By Dan Kennedy • The press, politics, technology, culture and other passions

Right about Reagan

Journalist Lou Cannon, a biographer of Ronald Reagan, sets the record straight in today’s New York Times: Despite what David Brooks and James Taranto seem to think, Reagan’s appearance in Neshoba, Miss., near Philadelphia, was a huge issue in the 1980 presidential campaign. Cannon writes:

In the wake of Neshoba, Mr. Reagan’s critics pounced. President Carter’s campaign operatives portrayed Mr. Reagan as a divisive racist. At a money-raising event in Chicago, Mr. Carter told his audience: “You’ll determine whether this America will be unified, or, if I lose this election, Americans might be separated black from white, Jew from Christian, North from South, rural from urban.”

Cannon’s purpose is to absolve the charge that Reagan was a racist, or that his 1980 victory was based on racist appeals to white voters. In doing so, however, Cannon confirms that Brooks and Taranto are wrong to claim such accusations are a recent invention of liberals aimed at tarring Reagan’s memory.

Discover more from Media Nation

Subscribe to get the latest posts to your email.


Chris Lydon’s re-return


Carole Simpson and J-school ethics


  1. Steve

    “Despite what David Brooks and James Taranto seem to think, Reagan’s appearance in Neshoba, Miss., near Philadelphia, was a huge issue in the 1980 presidential campaign.”Well of course it was, and you don’t need Lou Cannon to have to tell you that. Anyone who lived through that election and was paying attention knows it was. I have no idea why Brooks and Taranto want to make apologies for it, but they’re simply being dishonest pretending it wasn’t an issue.

  2. Anonymous

    So it was an issue because Carter said it was? Sounds like someone is blaming the victim on this one. If you hate Reagan, that’s fine. But using “fake but accurate” rhetoric is not the way to get at him. Hollywood actors are not typically known for racism. Knock Reagan for being less of an intellectual than the “nucular engineer” with whom he competed, if you like. But presuming he was a racist because he didn’t fit your political template is just intellectually dishonest. Every campaign has its share of ruthless (pragmatic?) operatives. Think Carville would like to have 100% of his work subject to historical scrutiny?

  3. jvwalt

    Aw, geez, “Anonymous” the brave. We’ve been through this before. Nobody is saying that Reagan was a racist, any more than he was a Nazi because he went to Bitburg. What we’re saying is that Reagan knowingly and willingly SOUGHT the white racist vote in the South. He was perfectly happy to have white racists vote for him, and didn’t really care if he lost the black vote. This is a well-documented historical fact.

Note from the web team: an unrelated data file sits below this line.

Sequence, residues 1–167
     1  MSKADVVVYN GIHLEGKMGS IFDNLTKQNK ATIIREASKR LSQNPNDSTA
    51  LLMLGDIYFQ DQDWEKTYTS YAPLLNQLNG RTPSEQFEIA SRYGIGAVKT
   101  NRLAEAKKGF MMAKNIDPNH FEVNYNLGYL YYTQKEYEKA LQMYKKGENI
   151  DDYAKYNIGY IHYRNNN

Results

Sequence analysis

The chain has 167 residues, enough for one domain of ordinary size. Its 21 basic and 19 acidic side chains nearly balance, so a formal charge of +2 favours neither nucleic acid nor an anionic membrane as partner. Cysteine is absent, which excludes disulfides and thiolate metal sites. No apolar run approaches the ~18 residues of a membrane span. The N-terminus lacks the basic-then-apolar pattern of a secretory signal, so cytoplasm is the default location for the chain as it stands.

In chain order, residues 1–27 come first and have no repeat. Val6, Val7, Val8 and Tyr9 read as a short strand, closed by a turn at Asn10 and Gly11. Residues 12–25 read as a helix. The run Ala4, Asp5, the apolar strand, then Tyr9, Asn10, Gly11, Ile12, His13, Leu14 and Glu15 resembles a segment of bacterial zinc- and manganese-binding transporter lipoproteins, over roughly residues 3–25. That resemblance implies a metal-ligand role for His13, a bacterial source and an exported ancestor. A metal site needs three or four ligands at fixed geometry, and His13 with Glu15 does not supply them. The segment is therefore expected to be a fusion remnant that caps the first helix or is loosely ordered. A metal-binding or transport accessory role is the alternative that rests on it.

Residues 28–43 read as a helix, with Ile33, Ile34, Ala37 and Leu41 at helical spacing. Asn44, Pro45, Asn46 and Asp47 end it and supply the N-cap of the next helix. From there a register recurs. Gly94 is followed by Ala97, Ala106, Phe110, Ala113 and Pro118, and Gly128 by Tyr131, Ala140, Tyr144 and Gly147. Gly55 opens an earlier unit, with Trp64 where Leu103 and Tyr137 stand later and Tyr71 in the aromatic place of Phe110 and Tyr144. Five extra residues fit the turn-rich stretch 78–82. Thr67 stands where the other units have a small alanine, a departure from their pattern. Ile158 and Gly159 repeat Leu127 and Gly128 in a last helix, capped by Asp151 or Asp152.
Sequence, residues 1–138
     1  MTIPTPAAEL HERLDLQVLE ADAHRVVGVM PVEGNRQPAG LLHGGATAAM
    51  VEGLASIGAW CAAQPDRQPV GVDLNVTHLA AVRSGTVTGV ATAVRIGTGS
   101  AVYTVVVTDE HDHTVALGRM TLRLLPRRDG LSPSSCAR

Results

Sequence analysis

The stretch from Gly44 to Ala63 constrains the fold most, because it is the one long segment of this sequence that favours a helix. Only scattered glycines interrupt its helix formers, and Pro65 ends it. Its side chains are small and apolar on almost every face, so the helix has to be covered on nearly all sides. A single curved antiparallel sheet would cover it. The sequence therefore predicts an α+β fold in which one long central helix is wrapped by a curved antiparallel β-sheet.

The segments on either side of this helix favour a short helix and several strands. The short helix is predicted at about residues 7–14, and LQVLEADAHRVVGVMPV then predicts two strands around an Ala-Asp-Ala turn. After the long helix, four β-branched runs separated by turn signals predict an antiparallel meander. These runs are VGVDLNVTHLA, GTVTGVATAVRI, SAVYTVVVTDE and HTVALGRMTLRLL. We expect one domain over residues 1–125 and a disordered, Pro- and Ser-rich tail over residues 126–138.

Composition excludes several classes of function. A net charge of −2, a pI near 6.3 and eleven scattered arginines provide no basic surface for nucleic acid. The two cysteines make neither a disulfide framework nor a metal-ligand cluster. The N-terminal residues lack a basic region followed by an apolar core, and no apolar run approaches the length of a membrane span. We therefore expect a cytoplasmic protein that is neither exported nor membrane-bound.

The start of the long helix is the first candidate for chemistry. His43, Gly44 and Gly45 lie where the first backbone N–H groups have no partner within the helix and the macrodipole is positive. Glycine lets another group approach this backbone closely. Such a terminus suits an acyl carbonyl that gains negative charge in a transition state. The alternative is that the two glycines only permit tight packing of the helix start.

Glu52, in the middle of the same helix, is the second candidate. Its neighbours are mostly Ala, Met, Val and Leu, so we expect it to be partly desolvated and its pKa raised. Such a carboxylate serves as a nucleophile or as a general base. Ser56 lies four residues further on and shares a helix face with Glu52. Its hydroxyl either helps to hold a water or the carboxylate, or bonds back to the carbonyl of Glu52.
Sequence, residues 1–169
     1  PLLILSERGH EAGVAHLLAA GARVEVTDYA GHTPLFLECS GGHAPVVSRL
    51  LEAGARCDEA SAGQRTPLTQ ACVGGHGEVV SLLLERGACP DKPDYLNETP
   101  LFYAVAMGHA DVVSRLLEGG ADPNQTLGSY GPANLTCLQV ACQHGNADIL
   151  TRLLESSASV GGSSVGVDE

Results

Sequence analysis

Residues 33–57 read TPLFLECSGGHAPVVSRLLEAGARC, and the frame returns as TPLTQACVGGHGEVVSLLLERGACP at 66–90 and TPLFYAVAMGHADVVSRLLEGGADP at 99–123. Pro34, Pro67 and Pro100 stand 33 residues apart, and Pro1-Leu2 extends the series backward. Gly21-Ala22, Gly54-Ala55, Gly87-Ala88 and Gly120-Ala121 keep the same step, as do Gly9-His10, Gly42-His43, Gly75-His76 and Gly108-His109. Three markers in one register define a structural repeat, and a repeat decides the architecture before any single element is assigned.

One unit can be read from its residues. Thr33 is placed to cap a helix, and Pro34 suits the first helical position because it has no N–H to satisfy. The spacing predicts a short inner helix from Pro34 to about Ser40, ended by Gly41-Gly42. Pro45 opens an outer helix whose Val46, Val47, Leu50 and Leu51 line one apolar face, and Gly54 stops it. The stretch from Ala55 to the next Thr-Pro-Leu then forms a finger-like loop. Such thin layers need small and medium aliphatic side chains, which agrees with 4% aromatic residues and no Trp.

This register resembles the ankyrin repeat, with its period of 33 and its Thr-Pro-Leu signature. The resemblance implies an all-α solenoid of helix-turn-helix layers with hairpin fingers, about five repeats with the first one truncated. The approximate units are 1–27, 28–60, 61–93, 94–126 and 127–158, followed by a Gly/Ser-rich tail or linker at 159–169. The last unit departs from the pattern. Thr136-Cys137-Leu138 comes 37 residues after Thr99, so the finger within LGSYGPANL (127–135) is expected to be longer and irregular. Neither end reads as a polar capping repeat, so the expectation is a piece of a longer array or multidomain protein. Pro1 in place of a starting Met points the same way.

4. Anonymous

    Just to point out, it really doesn’t matter whether St. Ronald was a racist himself. What matters was whether he was pandering to racists, and whether that might affect his policies.As an analogy, it was reported a number of years ago that George Wallace was not particularly racist himself. But in one election he was defeated by someone who was far more segregationist than he, and he vowed that he would never again be “out-segregationed.”–raj

  5. Anonymous

    Funny how Mike Nifong doing the same thing didn’t stir up quite the same outrage around here. Guess the end justifies the means when reparations are being attempted….

  6. jvwalt

    There are two perfectly legitimate answers to this Mike Nifong post: — What the hell does Mike Nifong have to do with whether Ronald Reagan pandered to the racist vote? — You don’t think Nifong has suffered for what he did? He committed an egregious act of prosecutorial misconduct, and (at the very least) lost his livelihood and reputation because of it. I guess, unless Dan Kennedy gives him a good tongue-lashing, Mr. Nifong has gotten off way too easy.

  7. Dan Kennedy

    Heck I had to Google “Nifong” just to remind myself who he was.

  8. amusedbutinformedobserver

    Can you say “southern strategy?” Sure you can.

  9. Anonymous

    The Nifong question didn’t just come out of left field, it came from the bull pen. It made no sense whatsoever.–raj

  10. Anonymous

    JV and raj, against my better judgment:Your post presumes that Nifong did it alone. He didn’t. (I’m guessing it didn’t strike you that Nifong was “pandering to (a) racist vote” either. Presuming all racists are white, as Duke’s “Committee of 88” would have you believe, you’re correct.)DK, with all due respect, as a respected academic in America’s biggest college town, you should OWN a copy of Stuart Taylor’s “Until Proven Innocent”. It not only CAN happen here, it eventually will, in a way that may impact on your students. We should learn from the mistakes made by others. Racial demagogues and shaky police work are not exactly unheard-of in this town.

  11. Dan Kennedy

    Anon 4:47: Is owning it sufficient? Do I have to read it, too?Seriously, I have very high regard for Stuart Taylor.

  12. Anonymous

    Anonymous @ 4:47PMPlease re-read my comment. I said nothing about the appropriateness of Nifong’s actions. My comment was regarding the question of a previous commenter aboutNifong. Surely you can understand the difference. It sincerely if that previous commenter had explained the context of his or her question. As it is, the comment made no sense and it still doesn’t. Maybe the commenter should learn something of exposition.–raj

  13. Anonymous

    ” It sincerely if that previous commenter had …”” Maybe the commenter should learn something of exposition.”You said a mouthful!

Powered by WordPress & Theme by Anders Norén